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WHAT time the earth takes on the garb of Spring,

And new-born joy runs riot in the blood, When the year's tide turns refluent to its flood,

And blissful birds their songs are carolling,

When life once more is fair, and everything

In nature smiles, when tender flowrets bud, And deck the mead as stars the heavens stud,

What wonder that my heart leaps up to sing!

What wonder that to thee my song of praise I bring, and burn sweet incense at thy


And offer all the worship of my lays
To thee, whose loveliness hath lent my

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Calm vision of the world; our feet to urge
On to ideal far-set goals; to merge
Our being with the heart of things; brought


The springs of life, to make us see and hear

And feel its swelling and pulsating surge:
Such, Thespian art divine, thy nobler aim;
For this the tale of Edipus was told,
Of frenzied Lear, Harpagon's greed of

And, knowing this, how must we view with shame

Thy low estate, and hear the plaudits loud

That mark thee now but pander to the crowd!


SIN-SATIATE, and haggard with despair, Freed from the unholy mountain's baleful spell,

Forth coming from the very pit of Hell, The fallen knight repentant kneels in prayer.

But hark! what solemn strains fill all the air?

What pilgrim chants now on the morning swell,

And pour hope's balm upon his soul, and


Of pardon, if he to Christ's seat repair?

With fervent heart he treads the weary


Kneels at the throne of God's anointed,


The fearful doom repentance may not stay: And yet, in death's last gasp if he but heed

An angel voice soft whispers in his ears That for him too the Saviour once did bleed.


STRAIN, strain thine eyes, this parting is for aye!

Grief have her will of thee! Thy faith confessed

To his unequal, he must go, the quest


Fulfilled that brought him hither on thy day

Of imminent, direst peril. Now away
To other shores bids him the Grail's behest.
Thou knewest him too late to spare thy

This keen remorse, thy soul this dark dismay.

Yet canst thou face not all disconsolate The coming years. The horn remains, the sword,

The ring he left thee, and the child whom late

Thou mournedst; while beyond the power of fate

To dim the memory of that love outpoured Upon thee by thy stainless knight and lord.

Milicent Washburn Shinn


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Well was it for thee where the glad gods dwelt

In happy Hellas, clasped by silver nights, When on the clear blue of Olympian heights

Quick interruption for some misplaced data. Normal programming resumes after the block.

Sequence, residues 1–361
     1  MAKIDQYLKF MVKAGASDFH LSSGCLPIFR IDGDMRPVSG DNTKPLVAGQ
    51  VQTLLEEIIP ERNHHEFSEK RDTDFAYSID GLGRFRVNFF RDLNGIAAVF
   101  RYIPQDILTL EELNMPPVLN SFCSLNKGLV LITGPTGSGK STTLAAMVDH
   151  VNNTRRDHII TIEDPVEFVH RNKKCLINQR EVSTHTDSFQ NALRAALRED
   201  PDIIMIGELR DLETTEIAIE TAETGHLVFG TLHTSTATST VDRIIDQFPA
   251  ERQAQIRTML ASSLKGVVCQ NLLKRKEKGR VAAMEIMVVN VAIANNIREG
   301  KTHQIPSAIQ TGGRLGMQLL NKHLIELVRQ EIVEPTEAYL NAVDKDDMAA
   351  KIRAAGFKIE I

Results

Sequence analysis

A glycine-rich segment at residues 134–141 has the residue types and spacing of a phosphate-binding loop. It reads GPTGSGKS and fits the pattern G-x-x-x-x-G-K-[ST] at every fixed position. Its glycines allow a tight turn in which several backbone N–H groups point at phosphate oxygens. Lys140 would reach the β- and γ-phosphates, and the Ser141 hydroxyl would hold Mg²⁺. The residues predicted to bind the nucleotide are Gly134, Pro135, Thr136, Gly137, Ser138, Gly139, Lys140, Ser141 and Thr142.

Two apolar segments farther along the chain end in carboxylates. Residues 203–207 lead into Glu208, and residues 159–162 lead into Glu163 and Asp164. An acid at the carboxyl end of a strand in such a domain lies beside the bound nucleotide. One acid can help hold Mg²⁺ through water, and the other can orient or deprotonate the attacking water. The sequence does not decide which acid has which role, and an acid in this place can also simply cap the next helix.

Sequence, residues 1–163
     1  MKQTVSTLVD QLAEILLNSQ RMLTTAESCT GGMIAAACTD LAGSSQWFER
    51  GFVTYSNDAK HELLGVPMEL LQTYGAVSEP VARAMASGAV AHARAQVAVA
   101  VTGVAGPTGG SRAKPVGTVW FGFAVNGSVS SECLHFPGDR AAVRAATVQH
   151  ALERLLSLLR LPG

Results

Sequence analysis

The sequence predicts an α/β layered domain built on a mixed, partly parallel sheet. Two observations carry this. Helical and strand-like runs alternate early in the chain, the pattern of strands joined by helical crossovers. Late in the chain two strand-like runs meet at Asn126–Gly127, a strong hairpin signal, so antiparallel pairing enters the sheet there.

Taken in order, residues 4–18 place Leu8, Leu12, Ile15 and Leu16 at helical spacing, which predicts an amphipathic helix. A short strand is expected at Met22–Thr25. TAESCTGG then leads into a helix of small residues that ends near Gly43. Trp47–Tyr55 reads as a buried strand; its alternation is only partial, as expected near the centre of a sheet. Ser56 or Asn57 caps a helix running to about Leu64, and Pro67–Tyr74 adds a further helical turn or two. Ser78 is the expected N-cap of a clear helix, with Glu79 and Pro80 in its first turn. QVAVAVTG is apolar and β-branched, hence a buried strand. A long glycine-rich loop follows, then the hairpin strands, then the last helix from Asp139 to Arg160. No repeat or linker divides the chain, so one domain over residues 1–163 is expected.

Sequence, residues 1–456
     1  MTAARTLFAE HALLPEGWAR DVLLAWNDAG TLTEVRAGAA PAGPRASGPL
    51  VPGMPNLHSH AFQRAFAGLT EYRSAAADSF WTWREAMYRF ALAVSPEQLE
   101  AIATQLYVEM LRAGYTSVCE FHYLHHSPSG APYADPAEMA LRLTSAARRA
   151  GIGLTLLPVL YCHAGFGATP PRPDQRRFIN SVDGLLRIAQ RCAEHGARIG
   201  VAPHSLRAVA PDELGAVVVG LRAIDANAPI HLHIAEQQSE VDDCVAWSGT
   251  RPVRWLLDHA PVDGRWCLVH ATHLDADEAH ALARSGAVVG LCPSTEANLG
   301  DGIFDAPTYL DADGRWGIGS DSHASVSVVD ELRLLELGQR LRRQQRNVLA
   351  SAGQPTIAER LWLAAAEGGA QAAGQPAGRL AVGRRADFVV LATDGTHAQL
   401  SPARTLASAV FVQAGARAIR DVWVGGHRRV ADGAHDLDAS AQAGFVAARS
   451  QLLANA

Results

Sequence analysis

Apollo's lyre, and by the reedy stream Pan's shrill, sweet pipe made life a sunny dream.

Well was it for thee in the English wood, When red, new leaves were bursting out of bud,

And hearts were fresh as young leaves on the elm.

And well, through all the centuries since, thy realm

Has loyally been kept for thee, and thou, Departing oft, hast still returned; but


New powers devour thy kingdom day by day.

How shouldst thou come amidst such waste to stay?

For even now, across that western glow,
A keen light whitens coldly in the east,
And glittering on the slopes of morning,

One comes in silver arms; and aye increased
The sharp light shines, and men beholding


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SOUL of a tree ungrown, new life out of God's life proceeding,

Folded close in the seed, waking-O wonder of wonders

Waking with power as a spirit to clothe thee in leaves and in branches, What, in thine age-long future, is the word thou art set here to say?

Far in the great Sierra dwell the mighty groups of thy kindred;

Aisles of the sounding pines; and colonnades dusky and fragrant, Pillared with ridgy shafts of tall and wonderful cedar,

Lead to their presence; and round them forever the mountains stand.

Deep in that inner temple listens the fortunate pilgrim,

Low where the red lilies tremble he lies while the still hours pass by him, Baring his brows to the silence, the dear and intimate greatness,

The touch of the friendly air, like a quiet and infinite hand.

Far, far up from the earth, in the lower spaces of heaven,

Shadowy green on the blue, rests the moving lace of the branches,

Holding the faint winds captive, dropping but lightest of murmurs,

Spirits of far-away sound, to the windless reaches below.

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